22 APRIL 2000, Page 44


Fleeting happiness

James Delingpole

some time now, I have been feeling For messed up and disillusioned about pretty much everything. My new house is an utter toilet and I now realise it will be years before it's properly inhabitable. I have Lyme disease and no one believes me. My shares have all gone down. I'm not going to be an Internet millionaire. Journalism is a truly useless way of earning a living, espe- cially now it's so heavily controlled by the PR industry. I deserve a big, well-paid 'me' column in a national newspaper and no one has offered me one. I haven't touched my new novel for about two months and won't ever be happy until it's going well again. Everything I write is rubbish.

And, as if to remind me how ineffably shite life is, we have just been going through possibly the worst six months of TV in the history of the medium. Go on. Tell me I'm not right. How many times have you rolled home from work, gagging for a bit of televisual distraction from the horrors of existence, only to find that there's nothing — absolutely nothing worth watching?

No surprise then that I should have felt so pathetically grateful and bizarrely euphoric when the other night I managed to spend a good four hours in front of the box and everything I watched was really brilliant. Okay, so I cheated slightly: I filled in some of the gaps with preview videos. But, even so, I think there are signs that we're turning a corner here. Even Frasier's back on form.

My evening of fleeting happiness began `If you want people to trust you and your message, shave off your beard.' with Ray Mears's Extreme Survival (BBC 2, Thursday), which I love because it tells you about some of the more interesting and horrible ways in which you can die. And, more practically, how to avoid them. The episode I saw (last week's), taught you about surviving grizzly bear attacks (e.g. don't climb trees: they're better at it than you). Mears is a solemn sort and I'll bet he doesn't really like talking about such trivial things: he'd rather teach you for the umpteenth time how to make fire when you've no matches or show you how to live on slugs. But I guess someone has had a word in his ear and explained that teeth and claws are what the viewers want, hence his tabloidish question to a grizzled out- doorsman: 'And what's the worst grizzly bear incident you can recall?' Ah,' replied the outdoorsman helpfully, 'that would be the time when a friend of mine had his head taken clean off with one swipe of a grizzly's razor claws.'

I shan't dwell too long on When Louis Met Jimmy (BBC 2, Thursday) because again it was on last week. But it did make absolutely gripping viewing because, for once, Louis. Theroux's unsettlingly faux- nail interviewing technique was brought to bear on a subject slippery enough to deserve it: Jimmy Savile. Despite his moth- er fixation, his confessions that he's never had a proper girlfriend, that in his days as a nightclub manager he would tie up miscre- ants and lock them in a basement, and that the reason he professes to hate children is to kill tabloid rumours that he's a pae- dophile, Savile was bullyingly determined to make out that he was a perfectly normal person. Theroux's gentle but insistent sug- gestion was that, perhaps, he wasn't. The clever thing was, you ended up sympathis- ing with both points of view.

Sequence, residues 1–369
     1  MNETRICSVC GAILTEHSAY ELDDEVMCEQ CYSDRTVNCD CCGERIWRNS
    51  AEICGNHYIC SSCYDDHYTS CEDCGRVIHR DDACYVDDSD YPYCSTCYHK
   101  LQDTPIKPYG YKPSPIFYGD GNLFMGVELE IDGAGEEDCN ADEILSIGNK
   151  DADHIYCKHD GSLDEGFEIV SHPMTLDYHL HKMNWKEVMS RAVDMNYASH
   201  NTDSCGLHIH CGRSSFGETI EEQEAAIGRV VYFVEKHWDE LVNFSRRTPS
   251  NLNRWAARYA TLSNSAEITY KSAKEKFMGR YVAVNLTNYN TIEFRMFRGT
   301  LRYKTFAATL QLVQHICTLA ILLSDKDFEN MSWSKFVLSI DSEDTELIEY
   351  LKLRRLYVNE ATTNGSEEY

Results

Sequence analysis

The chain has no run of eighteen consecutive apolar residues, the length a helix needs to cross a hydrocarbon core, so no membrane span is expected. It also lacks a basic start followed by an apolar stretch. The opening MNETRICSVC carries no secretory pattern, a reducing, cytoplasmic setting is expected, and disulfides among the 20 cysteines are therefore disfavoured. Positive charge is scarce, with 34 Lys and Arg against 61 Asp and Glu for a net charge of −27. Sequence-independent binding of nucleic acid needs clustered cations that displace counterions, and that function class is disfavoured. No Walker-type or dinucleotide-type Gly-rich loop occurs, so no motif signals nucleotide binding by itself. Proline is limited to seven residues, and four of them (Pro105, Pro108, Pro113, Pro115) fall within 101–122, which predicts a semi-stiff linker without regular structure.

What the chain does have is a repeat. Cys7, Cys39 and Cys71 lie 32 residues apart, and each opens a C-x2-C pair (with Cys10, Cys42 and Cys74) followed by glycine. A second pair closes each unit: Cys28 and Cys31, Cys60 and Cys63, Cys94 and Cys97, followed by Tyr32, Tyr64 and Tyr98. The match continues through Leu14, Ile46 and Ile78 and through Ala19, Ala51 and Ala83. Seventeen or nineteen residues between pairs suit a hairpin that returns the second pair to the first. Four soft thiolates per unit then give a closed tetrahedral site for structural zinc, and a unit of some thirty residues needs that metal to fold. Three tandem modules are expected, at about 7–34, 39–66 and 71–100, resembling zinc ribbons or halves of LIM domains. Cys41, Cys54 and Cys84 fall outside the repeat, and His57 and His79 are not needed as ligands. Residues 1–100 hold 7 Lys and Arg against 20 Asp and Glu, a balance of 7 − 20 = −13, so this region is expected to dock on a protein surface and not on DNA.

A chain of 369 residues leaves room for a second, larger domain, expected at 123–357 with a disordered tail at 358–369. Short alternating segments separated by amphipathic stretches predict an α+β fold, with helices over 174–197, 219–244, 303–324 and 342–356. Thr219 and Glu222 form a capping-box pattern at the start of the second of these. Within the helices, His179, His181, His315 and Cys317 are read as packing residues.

Now to quite the most surprising star of the current viewing schedules: Bob Martin (ITV, Sunday), a satirical comedy series in which Michael Barrymore plays virtually himself as a tacky game-show host. What could very easily have been a poor man's homegrown version of The Larry Sanders Show turns, out to be an acutely observed, sharply scripted, gloriously well-acted and often hilariously funny portrait of the emetic world of showbiz.

In fact it's so good that I can't quite believe it's on ITV. The jokes are way too intelligent and knowing (the running gag about Barrymore's character being a closet gay — which, of course, Barrymore was himself, until he came out a few years ago to everyone's surprise; the in-joke that Paul Ross's career is almost motivated by the need to acquire more freebies). They're way too rude, too, like the Keith Allen character's bitchy suggestion that Bob Mar- tin's nocturnal social life consists of 'a cup of Ovaltine and a wank'. If our TV compa- nies are capable of producing shows of this calibre, there's hope for us yet. Well, hope for you, anyway. As for me, I fear I'm a lost case.